One example is as follows:

Teach the basics of the dance like the Merengue, which originated in the Dominican Republic in the 1800s but often thought to come from the Caribbean.  This dance is an ideal routine to begin with due to the simplicity in movement pattern and can be taught through use of the Reverse Pyramid Learning Curve.  The Merengue pattern of side steps with arms is: 2 x 8, 2 x 4, 4 x 2 (8-8-4-4-2-2-2-2) = 32 Counts.  The Merengue Basic Turn is 360 degrees right and then left = 1 x 8 (8 x 8).

Place in a straight line on the floor, 16 blocks in a bright red color; shoulder-width apart if room permits. This of course can be done outside if you have a yard or private open area. (Please remember that colors normally stimulate positively with those on the autism spectrum. However, if this is not the case with your child or individual in your care, please make the appropriate adjustment.) 

Draw or put down a removeable tape as a center line with 8 red blocks in a straight line either side of this line. The blocks each represent a step and you can simply do the movement behind each block.  8 steps right, 8 steps back to the center then 8 steps left following by 8 steps back to the center.

A close up of a green fieldDescription automatically generatedOnce this works well, we can add 8 yellow blocks, 4 on each side of the center line and teach this variation.  Then we go to 4 green blocks, 2 on each side.  And finally, blue blocks, 1 on each side. Repeat 2 times. The initial movement can be steps, hops, jumps or slides whatever works. The person doing the dance can be by himself / herself or hand-in-hand with a parent or caregiver.  It can even be done sitting on a chair or in a wheelchair.

Once the steps work okay, add some of favorite music and away you go. It is fun, educational, and simple to count. You can even make it a line dance and use the four walls of the room or boundaries of an outdoor space.

This concept is transitioned from an activity that I perform with clients in the pool.  Here, I use ducks on the pool deck. Yellow ducks are on wall number 1; pink ducks are on wall 2; blue ducks on wall 3; and white swans on wall 4.

A picture containing water, table, bird, sittingDescription automatically generated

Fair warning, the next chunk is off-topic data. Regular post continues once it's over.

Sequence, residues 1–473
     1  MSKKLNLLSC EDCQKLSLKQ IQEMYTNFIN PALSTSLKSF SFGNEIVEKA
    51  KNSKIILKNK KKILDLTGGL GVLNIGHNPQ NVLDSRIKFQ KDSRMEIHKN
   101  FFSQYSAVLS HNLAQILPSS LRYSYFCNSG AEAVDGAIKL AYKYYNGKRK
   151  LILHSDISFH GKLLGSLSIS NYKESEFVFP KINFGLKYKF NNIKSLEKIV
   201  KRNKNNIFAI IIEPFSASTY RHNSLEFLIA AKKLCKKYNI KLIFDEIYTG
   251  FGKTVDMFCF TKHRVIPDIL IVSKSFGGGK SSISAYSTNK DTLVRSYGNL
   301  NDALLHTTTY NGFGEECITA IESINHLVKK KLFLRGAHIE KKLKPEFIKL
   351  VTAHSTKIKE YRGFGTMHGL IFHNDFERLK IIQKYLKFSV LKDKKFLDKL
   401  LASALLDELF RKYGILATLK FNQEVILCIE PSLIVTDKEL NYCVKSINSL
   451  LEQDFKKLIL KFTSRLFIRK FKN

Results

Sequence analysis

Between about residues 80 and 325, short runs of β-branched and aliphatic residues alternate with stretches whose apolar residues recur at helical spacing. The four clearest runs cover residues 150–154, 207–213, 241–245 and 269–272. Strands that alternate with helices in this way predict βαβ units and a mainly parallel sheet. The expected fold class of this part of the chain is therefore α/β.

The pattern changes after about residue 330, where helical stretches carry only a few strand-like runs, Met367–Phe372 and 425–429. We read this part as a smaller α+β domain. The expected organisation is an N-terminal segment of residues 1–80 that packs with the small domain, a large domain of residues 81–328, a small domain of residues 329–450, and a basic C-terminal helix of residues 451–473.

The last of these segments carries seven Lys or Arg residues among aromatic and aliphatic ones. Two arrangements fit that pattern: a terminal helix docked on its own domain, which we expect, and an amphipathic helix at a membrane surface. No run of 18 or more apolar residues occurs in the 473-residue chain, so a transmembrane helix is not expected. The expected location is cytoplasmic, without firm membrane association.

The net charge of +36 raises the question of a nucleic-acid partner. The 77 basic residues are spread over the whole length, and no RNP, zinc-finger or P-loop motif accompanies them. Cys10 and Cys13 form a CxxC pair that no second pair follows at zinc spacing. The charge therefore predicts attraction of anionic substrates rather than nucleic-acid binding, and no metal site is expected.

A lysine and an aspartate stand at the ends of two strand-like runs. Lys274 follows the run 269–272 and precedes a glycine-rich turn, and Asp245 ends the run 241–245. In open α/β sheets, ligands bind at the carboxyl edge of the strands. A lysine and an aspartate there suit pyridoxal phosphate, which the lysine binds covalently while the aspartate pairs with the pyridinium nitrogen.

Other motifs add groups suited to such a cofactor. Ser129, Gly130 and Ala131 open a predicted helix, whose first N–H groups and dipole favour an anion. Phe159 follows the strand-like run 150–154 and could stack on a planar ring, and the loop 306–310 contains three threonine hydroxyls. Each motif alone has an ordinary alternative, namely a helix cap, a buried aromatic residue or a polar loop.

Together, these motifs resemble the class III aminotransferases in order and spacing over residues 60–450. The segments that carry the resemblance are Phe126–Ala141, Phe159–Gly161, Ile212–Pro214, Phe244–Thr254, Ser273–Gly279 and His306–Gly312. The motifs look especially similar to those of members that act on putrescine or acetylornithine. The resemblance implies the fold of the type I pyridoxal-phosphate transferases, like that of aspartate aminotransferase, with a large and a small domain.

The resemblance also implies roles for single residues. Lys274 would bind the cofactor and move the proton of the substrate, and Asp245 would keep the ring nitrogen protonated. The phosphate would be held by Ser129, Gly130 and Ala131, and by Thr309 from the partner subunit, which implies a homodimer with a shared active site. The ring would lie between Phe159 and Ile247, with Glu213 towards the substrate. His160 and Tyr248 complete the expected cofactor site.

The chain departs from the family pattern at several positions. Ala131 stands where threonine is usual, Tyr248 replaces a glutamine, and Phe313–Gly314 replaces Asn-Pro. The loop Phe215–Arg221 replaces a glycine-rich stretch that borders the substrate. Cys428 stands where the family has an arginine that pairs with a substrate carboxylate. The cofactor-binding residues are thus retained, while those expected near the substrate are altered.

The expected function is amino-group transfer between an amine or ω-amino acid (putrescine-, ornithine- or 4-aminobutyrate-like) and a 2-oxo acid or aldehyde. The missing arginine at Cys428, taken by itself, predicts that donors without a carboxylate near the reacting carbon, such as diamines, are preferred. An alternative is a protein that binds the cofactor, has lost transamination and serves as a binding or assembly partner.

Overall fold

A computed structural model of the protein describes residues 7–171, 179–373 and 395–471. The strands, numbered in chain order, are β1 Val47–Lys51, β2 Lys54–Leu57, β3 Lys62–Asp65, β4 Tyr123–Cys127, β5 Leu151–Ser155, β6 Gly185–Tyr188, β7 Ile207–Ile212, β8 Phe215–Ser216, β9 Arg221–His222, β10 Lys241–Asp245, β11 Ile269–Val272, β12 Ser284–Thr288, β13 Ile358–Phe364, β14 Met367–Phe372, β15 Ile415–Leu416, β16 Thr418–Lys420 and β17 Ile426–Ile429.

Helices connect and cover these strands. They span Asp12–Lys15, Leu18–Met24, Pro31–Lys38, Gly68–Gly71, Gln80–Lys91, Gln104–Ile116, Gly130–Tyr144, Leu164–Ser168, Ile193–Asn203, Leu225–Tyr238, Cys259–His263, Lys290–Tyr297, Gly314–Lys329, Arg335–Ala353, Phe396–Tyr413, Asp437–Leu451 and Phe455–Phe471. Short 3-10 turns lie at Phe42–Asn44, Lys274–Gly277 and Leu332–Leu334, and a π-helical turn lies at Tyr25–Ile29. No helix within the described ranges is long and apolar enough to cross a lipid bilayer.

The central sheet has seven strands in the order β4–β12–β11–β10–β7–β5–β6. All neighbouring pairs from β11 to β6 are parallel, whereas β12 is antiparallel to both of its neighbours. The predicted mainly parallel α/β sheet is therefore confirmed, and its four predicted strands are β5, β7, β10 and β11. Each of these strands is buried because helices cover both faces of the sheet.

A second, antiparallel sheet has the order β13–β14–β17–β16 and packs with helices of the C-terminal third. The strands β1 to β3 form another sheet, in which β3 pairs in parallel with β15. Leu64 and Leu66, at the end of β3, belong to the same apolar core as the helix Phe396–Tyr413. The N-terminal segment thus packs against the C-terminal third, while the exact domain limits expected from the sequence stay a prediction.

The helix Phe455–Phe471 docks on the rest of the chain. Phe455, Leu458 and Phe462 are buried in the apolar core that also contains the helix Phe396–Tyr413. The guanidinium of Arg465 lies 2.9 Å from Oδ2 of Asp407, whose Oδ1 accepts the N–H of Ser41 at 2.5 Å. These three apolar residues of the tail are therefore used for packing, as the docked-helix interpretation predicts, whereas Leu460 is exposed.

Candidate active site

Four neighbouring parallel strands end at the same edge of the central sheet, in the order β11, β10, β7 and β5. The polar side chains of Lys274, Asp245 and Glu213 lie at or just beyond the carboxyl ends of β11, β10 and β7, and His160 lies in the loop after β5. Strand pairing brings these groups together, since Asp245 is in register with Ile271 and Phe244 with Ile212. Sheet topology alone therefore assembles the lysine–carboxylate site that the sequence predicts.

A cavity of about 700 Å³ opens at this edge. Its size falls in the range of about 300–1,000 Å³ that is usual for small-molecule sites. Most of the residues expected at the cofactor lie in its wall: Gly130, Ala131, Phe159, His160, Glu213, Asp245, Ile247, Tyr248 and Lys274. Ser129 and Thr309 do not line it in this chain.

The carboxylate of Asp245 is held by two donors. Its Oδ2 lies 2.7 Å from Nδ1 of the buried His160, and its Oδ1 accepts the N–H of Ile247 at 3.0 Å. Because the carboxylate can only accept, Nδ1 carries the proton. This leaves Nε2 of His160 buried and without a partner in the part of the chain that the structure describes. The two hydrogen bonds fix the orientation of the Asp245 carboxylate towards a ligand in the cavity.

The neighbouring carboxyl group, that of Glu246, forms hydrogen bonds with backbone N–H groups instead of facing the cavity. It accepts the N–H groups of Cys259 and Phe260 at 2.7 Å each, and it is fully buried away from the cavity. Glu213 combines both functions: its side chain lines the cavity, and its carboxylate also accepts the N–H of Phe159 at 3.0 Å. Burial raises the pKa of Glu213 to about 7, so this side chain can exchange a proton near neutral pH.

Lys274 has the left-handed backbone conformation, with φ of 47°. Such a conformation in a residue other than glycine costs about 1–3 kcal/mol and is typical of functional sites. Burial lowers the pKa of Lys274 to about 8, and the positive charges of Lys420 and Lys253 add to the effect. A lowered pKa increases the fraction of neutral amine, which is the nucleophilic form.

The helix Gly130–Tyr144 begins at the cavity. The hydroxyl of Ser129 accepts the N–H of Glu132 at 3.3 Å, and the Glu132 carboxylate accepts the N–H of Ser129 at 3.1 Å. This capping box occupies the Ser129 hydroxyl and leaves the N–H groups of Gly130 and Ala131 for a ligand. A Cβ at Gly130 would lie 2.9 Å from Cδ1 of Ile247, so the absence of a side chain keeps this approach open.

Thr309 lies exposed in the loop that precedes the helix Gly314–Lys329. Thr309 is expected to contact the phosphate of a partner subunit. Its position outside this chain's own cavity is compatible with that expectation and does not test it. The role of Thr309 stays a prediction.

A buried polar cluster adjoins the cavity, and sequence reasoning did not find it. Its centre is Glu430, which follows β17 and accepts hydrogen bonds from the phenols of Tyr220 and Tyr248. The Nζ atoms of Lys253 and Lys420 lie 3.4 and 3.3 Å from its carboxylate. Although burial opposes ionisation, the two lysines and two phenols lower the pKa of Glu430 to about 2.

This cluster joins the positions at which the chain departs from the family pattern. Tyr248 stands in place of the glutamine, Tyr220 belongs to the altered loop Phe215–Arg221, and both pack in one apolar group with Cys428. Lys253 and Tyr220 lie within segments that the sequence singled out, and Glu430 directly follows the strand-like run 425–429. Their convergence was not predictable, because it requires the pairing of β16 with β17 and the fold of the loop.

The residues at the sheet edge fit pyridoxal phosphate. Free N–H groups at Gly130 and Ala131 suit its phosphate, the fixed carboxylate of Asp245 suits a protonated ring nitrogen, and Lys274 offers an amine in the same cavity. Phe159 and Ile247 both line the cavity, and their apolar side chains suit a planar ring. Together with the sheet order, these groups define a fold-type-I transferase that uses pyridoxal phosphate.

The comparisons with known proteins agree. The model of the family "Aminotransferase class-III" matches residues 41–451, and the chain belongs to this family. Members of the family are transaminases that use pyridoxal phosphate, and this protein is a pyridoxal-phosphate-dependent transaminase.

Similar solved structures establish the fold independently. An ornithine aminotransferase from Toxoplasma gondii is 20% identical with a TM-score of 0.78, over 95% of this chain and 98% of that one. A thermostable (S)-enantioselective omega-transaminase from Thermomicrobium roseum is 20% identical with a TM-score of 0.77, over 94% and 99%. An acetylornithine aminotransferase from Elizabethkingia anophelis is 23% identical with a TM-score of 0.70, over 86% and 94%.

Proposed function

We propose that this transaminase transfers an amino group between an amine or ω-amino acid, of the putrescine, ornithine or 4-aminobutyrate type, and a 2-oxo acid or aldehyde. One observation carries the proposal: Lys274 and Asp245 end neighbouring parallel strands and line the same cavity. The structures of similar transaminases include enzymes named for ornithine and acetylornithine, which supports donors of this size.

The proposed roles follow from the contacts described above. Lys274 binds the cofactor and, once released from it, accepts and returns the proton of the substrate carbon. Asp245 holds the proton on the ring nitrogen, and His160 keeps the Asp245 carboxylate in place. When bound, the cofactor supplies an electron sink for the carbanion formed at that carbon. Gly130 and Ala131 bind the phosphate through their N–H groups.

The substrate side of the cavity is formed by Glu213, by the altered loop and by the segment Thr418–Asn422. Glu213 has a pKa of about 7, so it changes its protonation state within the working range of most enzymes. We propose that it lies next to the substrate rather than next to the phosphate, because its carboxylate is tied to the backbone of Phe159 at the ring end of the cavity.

I further encourage parents and caregivers to remind their children or those in their care with autism that this activity comes from ‘Evelyn or Greg’.  Or, in your case, it comes from their swim or aqua instructor or therapist.  This represents is a link of commonality associated with compassion and warmth. This association transfers, even with the physical separation, into the gift of movement that they previously experienced together.

I make sure that all my clients have a picture taken with me and/or Greg showing the fun and joy we experienced together in the pool.  I encourage their parents or caregivers to have this on display when the various activities occur; again, a visual link to span the distance.  If you don't have such a photo, consider asking the aquatic instructor or therapist to share his/her photo taken in the aquatic environment. This will allow your child or individual in your care to relate to the photo and benefit from the influence of commonality and relationship. 

Our dear friend and client Thomas. Photo’s published with permission.

There are many things exercise-wise you can come up with to assist individuals with autism during this time of lockdown. Simply use your imagination or look at the social media streams for hundreds of innovative and fun activities to try at home.  It gives us all a challenge to keep going and implementing new ideas. Give it a go.

Hopefully we can assist many of those on the autism spectrum with something special to hold onto within their safe bubble… instead of seeing the bubble burst and their world being threatened, broken down or shattered.

Yours in Advocacy of Autism and Aquatic Wellness for All!



Evelyn Keyes, BSc, is an internationally recognized presenter from Australia, formerly from The Netherlands, in aquatics both in swimming of all levels and aquatic exercise including special populations with a focus on autism of all spectrums and cognitive stimulation style aquatics. Evelyn has written three books on swimming and aquatics for children and currently writing her fourth, I Wander – Why?, a story of the life of an autistic man and his journey, trials and tribulations.

Greg Keyes, JP, PhD, is an internationally recognized presenter from Australia in aquatics and leadership development, founding four successful businesses and in 2019 released a major book, Aqua-I-Cue, which covers four domains being: exercise science / basic anatomy, basic aquatics, leadership and interpersonal communication dynamics. He also specializes in Interpersonal Communication Dynamics, on which he completed his PhD thesis.  

Greg and Evelyn own GAINGLOW.co and are well known globally for their entertaining and humorous approach to teaching, enabling such to enter the long-term memory of attendees. For more information, contact GAINGLOW (Global Aquatic Instructors Network – Global Lifestyle Organization Web) at www.gainglow.co OR gregandevelyn@bigpond.com OR https://www.facebook.com/groups/gainglow/